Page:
“Smart” Insulin Patch May Revolutionize Diabetes Treatment

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“Smart” Insulin Patch May Revolutionize Diabetes Treatment

(HealthyResearch.com) – No matter how you look at it, managing diabetes can be complicated, time-consuming and expensive. Type 1 diabetics must check their blood sugar levels and inject themselves with insulin throughout the day. They also run the risk of suffering serious, potentially deadly, complications if they misjudge a dose.

People with type 2 diabetes might control their blood sugar by taking pills or a combination of pills and injections, but their lives can be just as dominated by fluctuating blood sugar levels. Keeping numbers stable, and consistently so, can be a lot to keep up with.

A recent technological breakthrough, a smart insulin patch that could deliver insulin as the body needs it, could simplify countless lives worldwide. The best part of all? The patches are small — no larger than a coin!

New Potential Insulin Therapy

An article written by researchers at the University of North Carolina Biomedical Engineering Department and published in early 2020 describes an innovative patch designed to simulate the kind of insulin regulation you’d see in normal pancreatic functioning. The patch has an insulin-loaded microneedle that releases the medicine in response to low blood sugar. The key is the polymer mix the developers use to enclose the insulin, one that responds specifically to the presence of glucose. High levels cause a chemical response that allows for the controlled release of insulin; as the patient’s blood sugar levels balance out, the chemical reaction eases up and insulin release stops.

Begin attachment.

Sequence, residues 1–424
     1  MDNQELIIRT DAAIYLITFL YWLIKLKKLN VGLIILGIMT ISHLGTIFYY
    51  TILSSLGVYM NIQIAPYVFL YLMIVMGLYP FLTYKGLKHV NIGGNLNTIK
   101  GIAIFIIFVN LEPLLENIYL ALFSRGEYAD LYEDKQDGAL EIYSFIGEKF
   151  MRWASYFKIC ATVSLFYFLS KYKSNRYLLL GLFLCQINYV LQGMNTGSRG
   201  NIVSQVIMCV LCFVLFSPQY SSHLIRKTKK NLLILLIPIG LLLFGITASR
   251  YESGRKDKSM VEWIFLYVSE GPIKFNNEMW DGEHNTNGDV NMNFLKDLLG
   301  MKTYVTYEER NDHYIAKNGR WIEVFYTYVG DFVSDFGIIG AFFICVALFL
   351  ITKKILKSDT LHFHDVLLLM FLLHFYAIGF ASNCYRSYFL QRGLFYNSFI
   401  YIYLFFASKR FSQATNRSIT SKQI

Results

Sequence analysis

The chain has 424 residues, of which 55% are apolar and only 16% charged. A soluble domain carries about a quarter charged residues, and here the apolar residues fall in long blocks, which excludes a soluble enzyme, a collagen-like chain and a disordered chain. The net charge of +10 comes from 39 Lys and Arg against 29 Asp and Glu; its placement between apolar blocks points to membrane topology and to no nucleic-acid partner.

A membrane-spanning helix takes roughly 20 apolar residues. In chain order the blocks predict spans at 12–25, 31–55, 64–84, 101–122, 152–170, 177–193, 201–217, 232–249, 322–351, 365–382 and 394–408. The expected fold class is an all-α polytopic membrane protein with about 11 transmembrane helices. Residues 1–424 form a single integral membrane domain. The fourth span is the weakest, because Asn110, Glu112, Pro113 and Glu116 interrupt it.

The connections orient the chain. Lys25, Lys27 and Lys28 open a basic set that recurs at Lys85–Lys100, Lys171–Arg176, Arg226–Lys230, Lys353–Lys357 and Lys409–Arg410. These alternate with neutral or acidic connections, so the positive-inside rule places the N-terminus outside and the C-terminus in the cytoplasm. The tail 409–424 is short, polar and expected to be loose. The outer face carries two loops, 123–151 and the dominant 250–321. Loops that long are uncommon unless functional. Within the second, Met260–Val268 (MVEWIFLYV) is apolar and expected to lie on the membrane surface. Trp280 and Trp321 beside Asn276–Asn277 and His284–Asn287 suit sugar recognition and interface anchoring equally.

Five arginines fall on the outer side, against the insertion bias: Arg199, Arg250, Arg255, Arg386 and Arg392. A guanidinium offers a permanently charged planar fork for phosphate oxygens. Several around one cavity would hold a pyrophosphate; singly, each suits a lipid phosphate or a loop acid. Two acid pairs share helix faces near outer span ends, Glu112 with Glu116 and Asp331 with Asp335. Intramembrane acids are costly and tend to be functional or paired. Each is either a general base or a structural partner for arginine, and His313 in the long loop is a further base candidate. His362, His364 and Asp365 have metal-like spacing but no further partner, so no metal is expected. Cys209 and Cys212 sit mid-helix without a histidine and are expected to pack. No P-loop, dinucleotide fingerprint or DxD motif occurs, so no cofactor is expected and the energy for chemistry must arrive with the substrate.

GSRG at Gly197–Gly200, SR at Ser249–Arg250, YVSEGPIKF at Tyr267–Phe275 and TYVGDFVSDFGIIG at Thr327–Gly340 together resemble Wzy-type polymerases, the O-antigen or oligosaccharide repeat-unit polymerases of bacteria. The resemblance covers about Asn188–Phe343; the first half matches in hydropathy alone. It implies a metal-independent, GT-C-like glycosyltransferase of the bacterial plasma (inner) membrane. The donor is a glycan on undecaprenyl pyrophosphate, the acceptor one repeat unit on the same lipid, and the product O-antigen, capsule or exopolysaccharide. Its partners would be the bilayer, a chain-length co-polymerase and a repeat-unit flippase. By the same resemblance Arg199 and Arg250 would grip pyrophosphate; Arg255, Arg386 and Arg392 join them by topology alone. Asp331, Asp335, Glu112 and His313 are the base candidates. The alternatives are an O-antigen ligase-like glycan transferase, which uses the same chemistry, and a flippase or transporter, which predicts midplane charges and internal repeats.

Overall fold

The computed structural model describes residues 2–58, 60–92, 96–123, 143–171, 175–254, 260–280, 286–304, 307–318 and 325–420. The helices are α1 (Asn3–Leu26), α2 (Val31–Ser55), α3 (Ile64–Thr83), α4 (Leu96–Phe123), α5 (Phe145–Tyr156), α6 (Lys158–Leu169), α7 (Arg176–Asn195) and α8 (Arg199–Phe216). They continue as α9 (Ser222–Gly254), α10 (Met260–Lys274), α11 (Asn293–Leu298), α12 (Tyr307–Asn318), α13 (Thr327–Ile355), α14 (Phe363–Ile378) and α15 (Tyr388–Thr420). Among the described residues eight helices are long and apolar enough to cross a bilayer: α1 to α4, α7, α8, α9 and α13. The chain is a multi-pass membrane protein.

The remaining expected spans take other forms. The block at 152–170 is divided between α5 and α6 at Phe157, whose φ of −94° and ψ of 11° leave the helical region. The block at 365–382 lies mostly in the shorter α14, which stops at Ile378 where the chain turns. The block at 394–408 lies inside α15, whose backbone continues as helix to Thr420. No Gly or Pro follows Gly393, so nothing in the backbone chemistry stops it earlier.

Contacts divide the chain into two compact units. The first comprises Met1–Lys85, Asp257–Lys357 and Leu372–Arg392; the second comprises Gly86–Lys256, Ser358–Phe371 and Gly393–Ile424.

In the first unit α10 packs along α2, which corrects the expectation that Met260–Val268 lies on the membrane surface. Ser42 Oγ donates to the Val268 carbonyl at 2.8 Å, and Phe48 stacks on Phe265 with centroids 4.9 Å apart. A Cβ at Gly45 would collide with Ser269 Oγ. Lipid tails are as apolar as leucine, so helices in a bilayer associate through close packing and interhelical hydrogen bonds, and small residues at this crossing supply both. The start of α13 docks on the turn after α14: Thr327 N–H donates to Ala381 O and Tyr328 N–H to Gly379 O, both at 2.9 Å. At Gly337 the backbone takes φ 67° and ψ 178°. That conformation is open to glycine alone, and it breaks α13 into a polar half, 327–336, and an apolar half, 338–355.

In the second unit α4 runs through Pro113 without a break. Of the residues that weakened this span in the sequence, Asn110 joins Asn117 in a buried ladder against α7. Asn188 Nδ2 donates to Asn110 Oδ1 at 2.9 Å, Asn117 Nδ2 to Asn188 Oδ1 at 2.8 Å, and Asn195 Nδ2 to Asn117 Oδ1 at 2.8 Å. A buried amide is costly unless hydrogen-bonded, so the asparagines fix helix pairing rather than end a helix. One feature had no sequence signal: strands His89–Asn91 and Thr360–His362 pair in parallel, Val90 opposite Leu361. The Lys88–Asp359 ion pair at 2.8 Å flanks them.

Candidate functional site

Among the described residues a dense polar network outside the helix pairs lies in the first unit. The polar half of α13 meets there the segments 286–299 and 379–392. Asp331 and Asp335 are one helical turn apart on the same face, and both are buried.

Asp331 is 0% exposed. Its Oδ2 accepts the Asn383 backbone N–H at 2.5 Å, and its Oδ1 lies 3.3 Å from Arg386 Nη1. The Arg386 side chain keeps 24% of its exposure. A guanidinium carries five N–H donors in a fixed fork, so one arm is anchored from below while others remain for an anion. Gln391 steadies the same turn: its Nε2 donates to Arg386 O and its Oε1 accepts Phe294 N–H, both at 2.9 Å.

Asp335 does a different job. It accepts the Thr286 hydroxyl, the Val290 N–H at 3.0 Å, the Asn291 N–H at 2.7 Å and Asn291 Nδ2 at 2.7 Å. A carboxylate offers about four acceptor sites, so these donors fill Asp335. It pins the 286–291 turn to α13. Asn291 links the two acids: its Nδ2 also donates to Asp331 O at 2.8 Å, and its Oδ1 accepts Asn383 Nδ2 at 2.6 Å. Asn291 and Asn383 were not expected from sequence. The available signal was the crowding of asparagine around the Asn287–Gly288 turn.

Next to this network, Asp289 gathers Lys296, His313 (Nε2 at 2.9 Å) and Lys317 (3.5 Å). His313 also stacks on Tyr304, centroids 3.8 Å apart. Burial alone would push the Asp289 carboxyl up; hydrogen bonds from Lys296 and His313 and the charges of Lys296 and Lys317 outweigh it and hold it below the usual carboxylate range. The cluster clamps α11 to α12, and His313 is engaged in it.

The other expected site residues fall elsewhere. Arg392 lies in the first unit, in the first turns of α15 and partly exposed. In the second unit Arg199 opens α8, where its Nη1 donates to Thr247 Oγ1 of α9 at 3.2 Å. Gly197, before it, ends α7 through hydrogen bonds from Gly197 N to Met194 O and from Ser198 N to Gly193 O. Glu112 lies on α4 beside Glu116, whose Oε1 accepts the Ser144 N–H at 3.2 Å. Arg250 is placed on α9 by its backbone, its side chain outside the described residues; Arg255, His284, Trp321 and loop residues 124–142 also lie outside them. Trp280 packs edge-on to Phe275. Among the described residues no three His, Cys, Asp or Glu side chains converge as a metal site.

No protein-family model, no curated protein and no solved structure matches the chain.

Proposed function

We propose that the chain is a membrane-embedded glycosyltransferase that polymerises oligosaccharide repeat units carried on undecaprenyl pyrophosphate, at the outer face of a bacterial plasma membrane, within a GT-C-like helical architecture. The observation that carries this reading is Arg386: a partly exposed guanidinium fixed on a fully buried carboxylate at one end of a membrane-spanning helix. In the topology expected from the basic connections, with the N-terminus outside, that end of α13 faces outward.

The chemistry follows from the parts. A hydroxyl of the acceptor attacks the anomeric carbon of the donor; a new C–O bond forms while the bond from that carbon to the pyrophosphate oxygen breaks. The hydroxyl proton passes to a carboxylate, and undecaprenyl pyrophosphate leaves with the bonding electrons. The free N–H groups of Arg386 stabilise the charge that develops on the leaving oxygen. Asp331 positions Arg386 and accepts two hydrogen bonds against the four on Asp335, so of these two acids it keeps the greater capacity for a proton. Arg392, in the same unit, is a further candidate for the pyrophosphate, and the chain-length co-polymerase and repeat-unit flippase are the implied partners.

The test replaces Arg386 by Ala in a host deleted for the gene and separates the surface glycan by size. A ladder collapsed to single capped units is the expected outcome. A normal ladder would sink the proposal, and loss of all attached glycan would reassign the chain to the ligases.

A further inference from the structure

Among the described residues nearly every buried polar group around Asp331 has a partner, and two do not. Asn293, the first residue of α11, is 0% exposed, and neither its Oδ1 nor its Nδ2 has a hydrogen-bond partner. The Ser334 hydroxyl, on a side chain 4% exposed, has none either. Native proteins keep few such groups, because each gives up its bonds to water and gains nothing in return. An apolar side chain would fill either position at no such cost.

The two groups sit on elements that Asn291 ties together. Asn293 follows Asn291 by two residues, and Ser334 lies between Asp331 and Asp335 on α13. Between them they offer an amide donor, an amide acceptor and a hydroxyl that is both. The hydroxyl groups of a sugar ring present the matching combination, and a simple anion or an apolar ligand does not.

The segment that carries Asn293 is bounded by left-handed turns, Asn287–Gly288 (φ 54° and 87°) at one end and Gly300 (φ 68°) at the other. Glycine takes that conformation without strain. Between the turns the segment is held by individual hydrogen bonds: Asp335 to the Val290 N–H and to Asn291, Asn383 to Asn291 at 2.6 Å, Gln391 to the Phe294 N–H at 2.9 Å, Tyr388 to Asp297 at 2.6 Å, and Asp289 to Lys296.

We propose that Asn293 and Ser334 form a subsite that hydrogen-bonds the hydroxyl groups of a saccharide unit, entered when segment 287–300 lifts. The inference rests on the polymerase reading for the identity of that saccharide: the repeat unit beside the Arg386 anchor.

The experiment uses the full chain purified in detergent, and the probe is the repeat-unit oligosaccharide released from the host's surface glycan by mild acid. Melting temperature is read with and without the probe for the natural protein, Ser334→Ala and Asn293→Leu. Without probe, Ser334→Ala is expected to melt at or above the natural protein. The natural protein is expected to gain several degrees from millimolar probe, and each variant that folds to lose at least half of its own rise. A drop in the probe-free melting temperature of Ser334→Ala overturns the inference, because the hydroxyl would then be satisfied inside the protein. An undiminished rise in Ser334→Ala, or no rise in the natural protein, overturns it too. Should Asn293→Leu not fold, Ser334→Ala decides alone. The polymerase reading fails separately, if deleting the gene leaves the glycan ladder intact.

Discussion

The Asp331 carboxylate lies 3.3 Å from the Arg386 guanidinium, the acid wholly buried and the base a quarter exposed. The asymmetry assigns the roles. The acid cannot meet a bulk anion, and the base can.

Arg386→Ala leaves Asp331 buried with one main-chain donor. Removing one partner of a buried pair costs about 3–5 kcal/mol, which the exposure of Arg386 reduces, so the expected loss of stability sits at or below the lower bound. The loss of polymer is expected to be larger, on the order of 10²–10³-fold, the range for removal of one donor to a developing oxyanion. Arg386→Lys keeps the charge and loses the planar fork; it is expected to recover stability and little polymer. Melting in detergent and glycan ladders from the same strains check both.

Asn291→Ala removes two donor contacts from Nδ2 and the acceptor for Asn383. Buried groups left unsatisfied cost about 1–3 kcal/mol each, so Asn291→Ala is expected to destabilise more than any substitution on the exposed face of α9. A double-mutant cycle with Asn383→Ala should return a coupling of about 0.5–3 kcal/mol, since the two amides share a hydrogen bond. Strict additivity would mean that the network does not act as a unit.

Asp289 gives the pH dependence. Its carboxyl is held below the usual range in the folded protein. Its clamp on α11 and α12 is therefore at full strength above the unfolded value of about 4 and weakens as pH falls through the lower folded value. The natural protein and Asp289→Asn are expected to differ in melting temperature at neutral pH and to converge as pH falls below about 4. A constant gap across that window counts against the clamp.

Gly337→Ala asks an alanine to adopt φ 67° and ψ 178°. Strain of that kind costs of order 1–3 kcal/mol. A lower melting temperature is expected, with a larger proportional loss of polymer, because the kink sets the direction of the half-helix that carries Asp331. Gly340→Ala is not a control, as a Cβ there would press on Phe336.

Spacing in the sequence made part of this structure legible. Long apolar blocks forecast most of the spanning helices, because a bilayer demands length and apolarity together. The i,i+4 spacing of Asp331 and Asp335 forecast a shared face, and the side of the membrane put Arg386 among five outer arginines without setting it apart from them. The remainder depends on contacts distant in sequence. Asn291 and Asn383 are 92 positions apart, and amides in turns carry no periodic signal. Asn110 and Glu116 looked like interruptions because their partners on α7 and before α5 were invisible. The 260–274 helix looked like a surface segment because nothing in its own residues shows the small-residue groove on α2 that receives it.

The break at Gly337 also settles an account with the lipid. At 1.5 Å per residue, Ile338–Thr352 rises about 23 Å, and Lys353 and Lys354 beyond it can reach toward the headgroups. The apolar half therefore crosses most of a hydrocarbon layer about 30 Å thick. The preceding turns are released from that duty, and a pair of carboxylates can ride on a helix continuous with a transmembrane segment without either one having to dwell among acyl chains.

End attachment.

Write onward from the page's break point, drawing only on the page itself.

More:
The microneedles are less than a millimeter long, making the patches a low-pain option, while still able to penetrate deep enough into the skin to deliver the medicine. Experiments on 55-pound minipigs showed a patch roughly the size of a quarter could effectively control type 1 diabetes for about 20 hours.

Improving on Current Options

Researchers believe this system may be more effective and easier to manufacture than existing insulin delivery systems. Currently, diabetes patients who don’t want to inject daily have the option to use an insulin pump, but the devices are bulky, expensive and can malfunction or break. The new patch could render the pump obsolete. Its developers have recently applied for approval to move on to the next stage: human trials. If all goes well, a saleable model could be within reach in the next few years.

Diabetes sufferers may soon have an innovative new tool for treating their condition — one that could prove safer, more effective and less complicated than current options. And researchers are looking for other conditions their new technology might benefit, possibly making transdermal patches the future in treating other conditions that require drug therapy. We’ll have more on this exciting development as soon as the clinical trials are underway.

~Here’s to Your Health & Safety!

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